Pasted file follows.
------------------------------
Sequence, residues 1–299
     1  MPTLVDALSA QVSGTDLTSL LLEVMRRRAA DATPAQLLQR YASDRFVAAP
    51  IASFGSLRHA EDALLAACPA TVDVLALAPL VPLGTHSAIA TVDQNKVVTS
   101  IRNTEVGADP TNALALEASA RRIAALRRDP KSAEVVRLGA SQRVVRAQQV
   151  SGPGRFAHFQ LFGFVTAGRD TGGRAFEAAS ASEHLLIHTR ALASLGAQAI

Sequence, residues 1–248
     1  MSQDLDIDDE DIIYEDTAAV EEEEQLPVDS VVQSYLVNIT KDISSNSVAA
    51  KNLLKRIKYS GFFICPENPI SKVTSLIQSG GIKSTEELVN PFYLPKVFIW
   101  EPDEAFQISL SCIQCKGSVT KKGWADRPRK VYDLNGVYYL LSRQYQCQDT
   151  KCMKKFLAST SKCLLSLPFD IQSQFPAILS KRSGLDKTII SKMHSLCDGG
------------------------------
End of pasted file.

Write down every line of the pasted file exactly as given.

Sequence, residues 1–299
     1  MPTLVDALSA QVSGTDLTSL LLEVMRRRAA DATPAQLLQR YASDRFVAAP
    51  IASFGSLRHA EDALLAACPA TVDVLALAPL VPLGTHSAIA TVDQNKVVTS
   101  IRNTEVGADP TNALALEASA RRIAALRRDP KSAEVVRLGA SQRVVRAQQV
   151  SGPGRFAHFQ LFGFVTAGRD TGGRAFEAAS ASEHLLIHTR ALASLGAQAI

Sequence, residues 1–248
     1  MSQDLDIDDE DIIYEDTAAV EEEEQLPVDS VVQSYLVNIT KDISSNSVAA
    51  KNLLKRIKYS GFFICPENPI SKVTSLIQSG GIKSTEELVN PFYLPKVFIW
   101  EPDEAFQISL SCIQCKGSVT KKGWADRPRK VYDLNGVYYL LSRQYQCQDT
   151  KCMKKFLAST SKCLLSLPFD IQSQFPAILS KRSGLDKTII SKMHSLCDGG